It has been a very busy month with back to back events and good news for the The Pagoda Tree.
Here's just a taste of what questions were asked from the Extraordinary Book Group in Devon, another from Burley, Houghton Book Club in Leeds and the schmanzy-sounding Red Door Bistro in Wigan.
- One of our group wonders how you felt confident writing from the perspective of a child in another time, country and culture?
- @clairescobie Did the voices of the children and Sita stay with you after you finished the book June asks
- Judith asks, as her creator do you view Maya as exploited or privileged as a devadasi?
This one was particularly interesting:
And lastly, as they sign off... @clairescobie Eh up lass we at Red Door just want to Thank you It were grand . Cheers!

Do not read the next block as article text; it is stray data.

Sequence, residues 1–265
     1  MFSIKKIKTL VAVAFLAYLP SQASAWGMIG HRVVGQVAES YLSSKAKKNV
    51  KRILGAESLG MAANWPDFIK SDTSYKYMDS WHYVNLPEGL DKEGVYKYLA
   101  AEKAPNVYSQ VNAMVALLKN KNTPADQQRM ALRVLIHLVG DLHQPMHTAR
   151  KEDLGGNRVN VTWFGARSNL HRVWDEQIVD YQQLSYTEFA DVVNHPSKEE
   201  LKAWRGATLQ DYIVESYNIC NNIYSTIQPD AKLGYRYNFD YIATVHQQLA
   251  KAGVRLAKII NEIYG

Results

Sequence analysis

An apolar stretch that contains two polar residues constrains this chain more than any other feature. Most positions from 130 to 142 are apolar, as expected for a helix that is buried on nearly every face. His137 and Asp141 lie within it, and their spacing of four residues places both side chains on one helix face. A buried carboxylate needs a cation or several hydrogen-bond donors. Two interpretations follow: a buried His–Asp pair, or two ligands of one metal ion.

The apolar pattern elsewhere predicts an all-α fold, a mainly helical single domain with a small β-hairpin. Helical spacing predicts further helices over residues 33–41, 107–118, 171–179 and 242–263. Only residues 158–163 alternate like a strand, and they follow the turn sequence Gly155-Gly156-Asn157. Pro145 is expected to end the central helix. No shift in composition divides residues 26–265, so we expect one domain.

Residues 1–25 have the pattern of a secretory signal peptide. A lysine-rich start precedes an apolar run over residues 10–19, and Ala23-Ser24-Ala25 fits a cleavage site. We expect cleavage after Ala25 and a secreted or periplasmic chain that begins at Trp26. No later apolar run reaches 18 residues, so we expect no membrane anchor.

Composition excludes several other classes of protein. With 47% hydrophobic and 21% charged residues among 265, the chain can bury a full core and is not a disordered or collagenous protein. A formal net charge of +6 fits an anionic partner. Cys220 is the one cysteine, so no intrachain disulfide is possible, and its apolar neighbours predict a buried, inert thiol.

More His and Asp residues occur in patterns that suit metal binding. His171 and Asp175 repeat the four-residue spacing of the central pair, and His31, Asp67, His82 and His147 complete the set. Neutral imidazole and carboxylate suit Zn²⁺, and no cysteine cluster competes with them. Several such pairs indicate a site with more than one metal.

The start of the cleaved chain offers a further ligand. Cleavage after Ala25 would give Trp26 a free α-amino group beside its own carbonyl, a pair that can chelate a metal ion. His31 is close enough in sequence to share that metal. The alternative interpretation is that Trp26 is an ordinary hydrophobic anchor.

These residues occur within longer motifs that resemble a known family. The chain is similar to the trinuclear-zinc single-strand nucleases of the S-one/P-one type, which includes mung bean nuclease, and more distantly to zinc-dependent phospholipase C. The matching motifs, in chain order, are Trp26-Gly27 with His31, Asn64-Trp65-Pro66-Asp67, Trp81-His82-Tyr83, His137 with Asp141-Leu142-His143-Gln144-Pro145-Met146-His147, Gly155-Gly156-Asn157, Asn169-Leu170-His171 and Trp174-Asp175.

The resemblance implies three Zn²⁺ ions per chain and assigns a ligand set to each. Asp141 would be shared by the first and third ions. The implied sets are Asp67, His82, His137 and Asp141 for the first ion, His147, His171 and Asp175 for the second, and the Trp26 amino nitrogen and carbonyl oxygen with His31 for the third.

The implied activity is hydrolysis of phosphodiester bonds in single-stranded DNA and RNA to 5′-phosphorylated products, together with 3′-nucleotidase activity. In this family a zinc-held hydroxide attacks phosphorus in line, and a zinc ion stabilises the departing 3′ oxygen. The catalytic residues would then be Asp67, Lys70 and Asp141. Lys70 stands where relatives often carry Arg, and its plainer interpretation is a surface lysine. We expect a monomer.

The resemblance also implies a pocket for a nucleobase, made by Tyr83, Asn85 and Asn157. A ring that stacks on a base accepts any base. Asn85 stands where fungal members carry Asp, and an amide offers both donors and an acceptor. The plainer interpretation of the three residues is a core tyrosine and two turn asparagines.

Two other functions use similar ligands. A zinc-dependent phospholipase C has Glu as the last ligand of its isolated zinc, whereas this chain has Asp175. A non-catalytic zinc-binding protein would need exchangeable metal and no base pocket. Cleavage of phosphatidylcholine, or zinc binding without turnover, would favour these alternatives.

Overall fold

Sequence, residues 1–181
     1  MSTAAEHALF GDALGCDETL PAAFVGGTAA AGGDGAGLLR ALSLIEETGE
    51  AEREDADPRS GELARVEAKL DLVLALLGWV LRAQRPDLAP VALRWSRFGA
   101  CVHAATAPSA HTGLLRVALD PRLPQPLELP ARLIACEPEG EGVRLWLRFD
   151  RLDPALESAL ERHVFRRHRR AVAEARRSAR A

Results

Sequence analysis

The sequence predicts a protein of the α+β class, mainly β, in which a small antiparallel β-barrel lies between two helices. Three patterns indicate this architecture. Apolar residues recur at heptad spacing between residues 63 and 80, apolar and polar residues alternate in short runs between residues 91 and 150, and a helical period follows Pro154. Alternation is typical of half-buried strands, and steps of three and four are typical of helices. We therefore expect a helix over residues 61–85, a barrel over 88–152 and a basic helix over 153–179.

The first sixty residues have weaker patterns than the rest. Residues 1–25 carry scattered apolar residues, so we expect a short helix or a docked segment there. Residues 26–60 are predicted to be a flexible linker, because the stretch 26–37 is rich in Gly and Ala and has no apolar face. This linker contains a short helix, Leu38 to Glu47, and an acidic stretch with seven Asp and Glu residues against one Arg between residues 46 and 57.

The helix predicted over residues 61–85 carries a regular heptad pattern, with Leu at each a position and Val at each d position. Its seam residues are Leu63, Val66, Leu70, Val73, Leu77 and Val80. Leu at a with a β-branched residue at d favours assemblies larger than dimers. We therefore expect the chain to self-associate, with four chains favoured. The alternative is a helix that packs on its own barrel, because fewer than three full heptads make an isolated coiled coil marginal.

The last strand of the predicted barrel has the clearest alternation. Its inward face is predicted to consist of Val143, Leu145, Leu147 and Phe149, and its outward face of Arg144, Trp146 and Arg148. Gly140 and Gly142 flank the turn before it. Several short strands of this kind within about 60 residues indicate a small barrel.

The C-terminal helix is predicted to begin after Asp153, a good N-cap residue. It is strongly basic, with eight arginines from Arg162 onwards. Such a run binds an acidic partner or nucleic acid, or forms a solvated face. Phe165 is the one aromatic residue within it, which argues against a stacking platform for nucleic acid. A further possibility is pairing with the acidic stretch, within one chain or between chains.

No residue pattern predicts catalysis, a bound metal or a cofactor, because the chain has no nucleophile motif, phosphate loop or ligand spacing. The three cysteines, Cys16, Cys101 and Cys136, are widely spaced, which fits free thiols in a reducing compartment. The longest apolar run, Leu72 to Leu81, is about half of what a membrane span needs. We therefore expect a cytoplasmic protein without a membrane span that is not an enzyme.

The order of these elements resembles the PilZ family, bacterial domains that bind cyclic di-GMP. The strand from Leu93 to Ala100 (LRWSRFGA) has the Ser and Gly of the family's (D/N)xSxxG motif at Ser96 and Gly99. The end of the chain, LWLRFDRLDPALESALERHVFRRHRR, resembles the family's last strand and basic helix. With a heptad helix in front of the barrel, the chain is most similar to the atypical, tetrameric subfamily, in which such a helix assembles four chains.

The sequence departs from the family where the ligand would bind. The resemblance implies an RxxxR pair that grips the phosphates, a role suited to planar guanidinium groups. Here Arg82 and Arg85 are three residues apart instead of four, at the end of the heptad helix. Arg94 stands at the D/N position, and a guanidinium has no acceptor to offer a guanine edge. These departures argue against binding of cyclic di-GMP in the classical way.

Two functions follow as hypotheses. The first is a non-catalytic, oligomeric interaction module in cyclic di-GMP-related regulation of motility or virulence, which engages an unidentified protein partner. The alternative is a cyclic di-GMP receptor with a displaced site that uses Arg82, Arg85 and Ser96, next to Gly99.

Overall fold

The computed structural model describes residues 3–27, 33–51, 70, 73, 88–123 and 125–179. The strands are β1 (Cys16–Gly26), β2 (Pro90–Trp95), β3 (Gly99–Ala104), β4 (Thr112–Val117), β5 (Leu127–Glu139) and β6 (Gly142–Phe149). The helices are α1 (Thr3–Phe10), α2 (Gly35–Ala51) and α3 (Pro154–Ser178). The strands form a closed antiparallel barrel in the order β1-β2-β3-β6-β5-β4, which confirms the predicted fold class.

There was also the Book Discussion about Lost Artistry, Lost Humanity and a Collision of Cultures in 18th Century India with author and renowned journalist Mick Brown at the Nehru Centre in London last November 9.
You do all sorts as a writer. Here, I’m disclosing how I interview my characters. Bit bonkers, really!
Lastly, happy to share with you my very first reviews for The Pagoda Tree from the Indian press.
'Scobie does not whitewash the crimes of colonialism. [The title of the novel] refers to the money tree lusted after by every white man with little to do at home. They shook it for all it was worth.’ - in the prestigious India Today magazine.
'An opulently imagined world that... circles around the life of Mayambika, a temple dancer in 18th century Thanjavur, and later Madras.... [and] a rattling good tale.' - in the flagship national, The Hindu.
Please click on the links to read the entire review :)
Hearing direct from readers — and supporters — like yourselves means so much to me as a writer! And on that note, I would love it if you could all spread the word and post an honest review on Amazon.co.uk about The Pagoda Tree. These reviews really matter… And if you enjoyed it, why not give a copy to a friend for Christmas :)
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